Let’s be real–your roof ventilation system probably isn’t something you think about very often. At least, not until it breaks…
However, it actually plays an important role in the day-to-day life of your home. Having the right amount of ventilation in your attic can have a positive effect on the lifespan of your roof system, the comfort and well-being of your family, your future costs for home repairs and how much you pay for heating and cooling. That’s a long list of benefits for something that is normally just an afterthought!
That being said, let’s turn some much-deserved attention to ventilation: how it works, why it matters and how to best care for your ventilation system.
How Attic Ventilation Works
Effective ventilation in an unfinished attic usually includes intake vents down low along the soffits, and exhaust vents up high at the peak or roof ridge. This allows for a continuous flow of air through the space. The cooler outdoor air gets pulled in through the soffit vents, and the warm, humid air that migrates to the highest point (hot air rises, cold air falls) exits through the vents along the roof ridge. This creates continuous circulation, which is important for many reasons.
Why Adequate Roof Ventilation is Important
Adequate ventilation up in your attic helps disperse the buildup of excess heat and moisture that can otherwise wreak havoc on your home. Heat and moisture buildup in an attic causes different problems in hot and cold climates; areas with hot summers and cold winters–like most Canadian homeowners experience–can suffer the effects of both.
- When it’s hot outside, the sun beating down on the roof can increase the temperature in the attic. Exposure to this excessive heat can warp the roof sheathing and distort and prematurely age the shingles. You have to think about the attic floor, too; if it isn’t evenly and properly insulated, all that heat can radiate down into the finished living areas and make it more difficult and costly to keep the living space comfortable. Your AC will be working double-time to keep up, which will show up on your energy bills.
- When the temperature drops below freezing during the winter, warm air escaping into the attic from the heated living space below rises to the underside of the roof deck. As the roof deck warms, the bottom layer of accumulated snow on the rooftop begins to melt, causing water to trickle down the roof. As the runoff reaches the cold outer edge, it refreezes into ice. When this happens repeatedly, an ice dam forms along the eaves, blocking the escape of further runoff. Eventually, the water has nowhere to go, so it backs up under the shingles.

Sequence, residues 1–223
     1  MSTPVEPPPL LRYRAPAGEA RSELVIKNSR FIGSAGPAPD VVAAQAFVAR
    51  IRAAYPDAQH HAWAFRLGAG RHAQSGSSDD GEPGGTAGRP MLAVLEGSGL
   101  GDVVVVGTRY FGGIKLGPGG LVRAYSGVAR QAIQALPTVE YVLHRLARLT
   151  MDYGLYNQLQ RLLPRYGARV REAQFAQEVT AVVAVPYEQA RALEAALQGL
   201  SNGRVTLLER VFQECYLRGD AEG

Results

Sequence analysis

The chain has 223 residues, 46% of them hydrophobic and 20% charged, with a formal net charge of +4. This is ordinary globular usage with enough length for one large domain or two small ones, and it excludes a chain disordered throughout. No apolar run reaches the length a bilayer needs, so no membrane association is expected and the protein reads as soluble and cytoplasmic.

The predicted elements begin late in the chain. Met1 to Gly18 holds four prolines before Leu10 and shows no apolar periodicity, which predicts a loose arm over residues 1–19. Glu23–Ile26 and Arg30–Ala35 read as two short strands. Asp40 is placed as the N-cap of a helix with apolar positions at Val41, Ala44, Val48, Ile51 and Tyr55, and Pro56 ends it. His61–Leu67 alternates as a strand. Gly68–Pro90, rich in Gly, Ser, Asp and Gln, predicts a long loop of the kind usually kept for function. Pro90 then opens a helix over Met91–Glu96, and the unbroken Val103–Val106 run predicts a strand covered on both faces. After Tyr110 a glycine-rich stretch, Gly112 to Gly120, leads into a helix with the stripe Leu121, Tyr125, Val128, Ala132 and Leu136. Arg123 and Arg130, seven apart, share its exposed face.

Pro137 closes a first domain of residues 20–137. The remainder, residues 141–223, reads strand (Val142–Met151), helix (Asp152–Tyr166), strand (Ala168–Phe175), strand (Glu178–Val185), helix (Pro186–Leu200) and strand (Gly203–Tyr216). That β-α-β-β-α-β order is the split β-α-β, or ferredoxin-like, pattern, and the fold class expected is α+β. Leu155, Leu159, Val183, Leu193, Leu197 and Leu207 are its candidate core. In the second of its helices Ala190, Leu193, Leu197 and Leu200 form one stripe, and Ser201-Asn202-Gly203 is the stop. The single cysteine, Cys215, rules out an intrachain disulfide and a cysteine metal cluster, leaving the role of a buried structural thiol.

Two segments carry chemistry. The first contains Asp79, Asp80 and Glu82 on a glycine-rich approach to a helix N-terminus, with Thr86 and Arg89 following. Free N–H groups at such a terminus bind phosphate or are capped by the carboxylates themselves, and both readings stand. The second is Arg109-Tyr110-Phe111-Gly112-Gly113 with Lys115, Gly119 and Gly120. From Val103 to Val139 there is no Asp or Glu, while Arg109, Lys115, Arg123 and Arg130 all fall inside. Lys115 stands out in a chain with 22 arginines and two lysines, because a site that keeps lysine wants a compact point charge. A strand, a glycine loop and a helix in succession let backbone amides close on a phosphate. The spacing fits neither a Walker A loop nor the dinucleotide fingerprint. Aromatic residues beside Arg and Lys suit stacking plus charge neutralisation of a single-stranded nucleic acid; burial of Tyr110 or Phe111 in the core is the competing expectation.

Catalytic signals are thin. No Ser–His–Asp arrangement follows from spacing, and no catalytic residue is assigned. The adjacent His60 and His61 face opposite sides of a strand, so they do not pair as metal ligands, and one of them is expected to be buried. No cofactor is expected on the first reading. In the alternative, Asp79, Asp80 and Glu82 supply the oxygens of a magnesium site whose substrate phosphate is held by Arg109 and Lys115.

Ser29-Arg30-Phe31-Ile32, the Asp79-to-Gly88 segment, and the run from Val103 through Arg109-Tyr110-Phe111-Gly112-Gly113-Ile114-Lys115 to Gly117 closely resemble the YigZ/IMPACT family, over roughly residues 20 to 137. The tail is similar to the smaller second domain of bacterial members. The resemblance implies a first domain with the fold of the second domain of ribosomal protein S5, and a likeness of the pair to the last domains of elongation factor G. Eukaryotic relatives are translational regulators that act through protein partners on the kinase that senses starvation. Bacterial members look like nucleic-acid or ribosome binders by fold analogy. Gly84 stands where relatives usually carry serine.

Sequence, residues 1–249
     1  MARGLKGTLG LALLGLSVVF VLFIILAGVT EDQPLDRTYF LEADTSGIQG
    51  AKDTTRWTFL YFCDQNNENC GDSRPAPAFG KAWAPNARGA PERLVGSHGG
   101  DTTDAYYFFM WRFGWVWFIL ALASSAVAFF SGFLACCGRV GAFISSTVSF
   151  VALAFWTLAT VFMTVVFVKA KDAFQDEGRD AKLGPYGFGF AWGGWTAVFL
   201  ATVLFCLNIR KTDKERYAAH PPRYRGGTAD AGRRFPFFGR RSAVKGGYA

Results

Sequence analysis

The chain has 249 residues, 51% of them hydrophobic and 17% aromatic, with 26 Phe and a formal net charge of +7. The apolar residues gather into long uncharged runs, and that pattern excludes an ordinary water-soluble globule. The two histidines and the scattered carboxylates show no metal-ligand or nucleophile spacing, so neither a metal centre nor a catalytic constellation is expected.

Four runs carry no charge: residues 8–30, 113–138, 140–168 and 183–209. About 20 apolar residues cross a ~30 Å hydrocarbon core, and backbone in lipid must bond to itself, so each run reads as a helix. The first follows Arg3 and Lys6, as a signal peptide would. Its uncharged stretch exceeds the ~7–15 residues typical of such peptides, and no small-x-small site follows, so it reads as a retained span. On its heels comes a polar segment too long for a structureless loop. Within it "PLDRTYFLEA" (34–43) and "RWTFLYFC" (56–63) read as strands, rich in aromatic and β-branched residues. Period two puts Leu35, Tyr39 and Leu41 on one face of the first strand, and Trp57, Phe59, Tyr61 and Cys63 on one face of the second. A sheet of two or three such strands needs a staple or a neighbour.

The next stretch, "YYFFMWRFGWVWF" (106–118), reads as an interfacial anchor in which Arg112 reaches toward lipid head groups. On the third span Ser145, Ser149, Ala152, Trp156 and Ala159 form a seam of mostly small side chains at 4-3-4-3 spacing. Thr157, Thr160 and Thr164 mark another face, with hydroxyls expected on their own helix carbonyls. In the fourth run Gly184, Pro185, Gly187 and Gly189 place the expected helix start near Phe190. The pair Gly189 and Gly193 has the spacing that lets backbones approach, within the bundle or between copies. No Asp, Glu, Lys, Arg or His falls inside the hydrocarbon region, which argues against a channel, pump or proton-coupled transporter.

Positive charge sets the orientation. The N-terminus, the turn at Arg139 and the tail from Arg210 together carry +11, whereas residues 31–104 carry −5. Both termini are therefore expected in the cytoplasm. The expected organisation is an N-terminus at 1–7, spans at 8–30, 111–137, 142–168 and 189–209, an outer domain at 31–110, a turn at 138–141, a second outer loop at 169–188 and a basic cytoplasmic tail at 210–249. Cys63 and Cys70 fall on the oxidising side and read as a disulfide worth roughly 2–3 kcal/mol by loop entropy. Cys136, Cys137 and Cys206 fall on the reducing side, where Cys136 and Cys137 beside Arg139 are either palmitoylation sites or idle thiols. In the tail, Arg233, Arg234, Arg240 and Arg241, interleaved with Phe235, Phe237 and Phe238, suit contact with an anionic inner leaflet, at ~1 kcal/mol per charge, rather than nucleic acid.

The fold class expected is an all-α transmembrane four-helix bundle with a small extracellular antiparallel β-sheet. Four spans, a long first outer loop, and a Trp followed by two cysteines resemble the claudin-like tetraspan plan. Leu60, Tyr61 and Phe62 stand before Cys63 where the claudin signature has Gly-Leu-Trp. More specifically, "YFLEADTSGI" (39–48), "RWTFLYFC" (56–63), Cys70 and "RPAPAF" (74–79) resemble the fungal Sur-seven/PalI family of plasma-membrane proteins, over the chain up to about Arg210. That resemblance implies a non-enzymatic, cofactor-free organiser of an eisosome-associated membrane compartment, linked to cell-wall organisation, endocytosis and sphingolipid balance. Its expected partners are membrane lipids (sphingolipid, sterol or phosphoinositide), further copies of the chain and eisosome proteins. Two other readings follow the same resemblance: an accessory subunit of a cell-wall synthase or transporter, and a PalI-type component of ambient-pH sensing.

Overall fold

- Let’s talk about the H-word: humidity. Humidity, generated from your living area or from outside, enters your cool attic and condenses into a liquid when it meets colder surfaces. Over time, that moisture can cause deterioration of the roof system and interior structural elements, or ruin the attic insulation. In a warm attic, the moisture will lead to the flourishing of the dreaded mould and mildew. This, in turn, puts added strain on the home’s cooling equipment. Your wallet suffers…again.
Signs of Improper Ventilation
An inadequate attic ventilation system can cause issues that manifest themselves in different ways:
- An unexplained increase in your household heating and cooling bills, which can happen if your attic insulation gets wet and loses its effectiveness.
- A noticeable buildup of ice along your roof’s edge during the winter months.
- A wavy or curved roofline and rippled shingles caused by the warping of moisture-damaged decking underneath.
- Rust and corrosion on metal materials in the attic, such as nail heads, electrical boxes or light fixtures.
- Dampness, water stains or frost on the attic side of your roof sheathing.
- An increase in allergy symptoms or respiratory illnesses among your family members, often related to the spread of mould growth in your attic.
What to Do
If you see warning signs, like the ones mentioned above, or are worried, it’s wise to have your attic inspected by a certified roofing contractor who can assess whether there’s enough ventilation or if your system needs to be replaced or repaired. They can advise you on what options exist to improve ventilation and make sure it’s effective.
If you have questions or concerns about your current ventilation setup, No Payne Roofing can help you out. Our certified roofing contractors can evaluate your ventilation needs and get the project done quickly and efficiently, so your home can get the air circulation it needs. Call us to discuss your needs and how our team can help.